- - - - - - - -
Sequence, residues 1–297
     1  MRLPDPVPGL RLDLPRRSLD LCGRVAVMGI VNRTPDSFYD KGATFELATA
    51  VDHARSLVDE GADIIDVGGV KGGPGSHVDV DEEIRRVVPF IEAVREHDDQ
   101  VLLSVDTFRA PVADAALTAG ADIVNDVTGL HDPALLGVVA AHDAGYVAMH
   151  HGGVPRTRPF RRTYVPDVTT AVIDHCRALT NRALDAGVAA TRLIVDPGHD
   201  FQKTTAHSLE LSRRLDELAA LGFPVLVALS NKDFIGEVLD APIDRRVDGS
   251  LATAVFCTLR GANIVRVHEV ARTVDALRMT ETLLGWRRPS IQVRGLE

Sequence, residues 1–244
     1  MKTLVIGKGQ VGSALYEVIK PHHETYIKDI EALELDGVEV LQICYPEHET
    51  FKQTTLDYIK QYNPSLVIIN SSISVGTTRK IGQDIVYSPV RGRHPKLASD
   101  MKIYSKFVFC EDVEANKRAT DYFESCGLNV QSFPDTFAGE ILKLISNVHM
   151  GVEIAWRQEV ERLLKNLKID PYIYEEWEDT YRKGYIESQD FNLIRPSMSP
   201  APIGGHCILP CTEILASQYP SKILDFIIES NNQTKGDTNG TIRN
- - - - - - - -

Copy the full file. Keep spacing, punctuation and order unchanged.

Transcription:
Sequence, residues 1–297
     1  MRLPDPVPGL RLDLPRRSLD LCGRVAVMGI VNRTPDSFYD KGATFELATA
    51  VDHARSLVDE GADIIDVGGV KGGPGSHVDV DEEIRRVVPF IEAVREHDDQ
   101  VLLSVDTFRA PVADAALTAG ADIVNDVTGL HDPALLGVVA AHDAGYVAMH
   151  HGGVPRTRPF RRTYVPDVTT AVIDHCRALT NRALDAGVAA TRLIVDPGHD
   201  FQKTTAHSLE LSRRLDELAA LGFPVLVALS NKDFIGEVLD APIDRRVDGS
   251  LATAVFCTLR GANIVRVHEV ARTVDALRMT ETLLGWRRPS IQVRGLE

Sequence, residues 1–244
     1  MKTLVIGKGQ VGSALYEVIK PHHETYIKDI EALELDGVEV LQICYPEHET
    51  FKQTTLDYIK QYNPSLVIIN SSISVGTTRK IGQDIVYSPV RGRHPKLASD
   101  MKIYSKFVFC EDVEANKRAT DYFESCGLNV QSFPDTFAGE ILKLISNVHM
   151  GVEIAWRQEV ERLLKNLKID PYIYEEWEDT YRKGYIESQD FNLIRPSMSP
   201  APIGGHCILP CTEILASQYP SKILDFIIES NNQTKGDTNG TIRN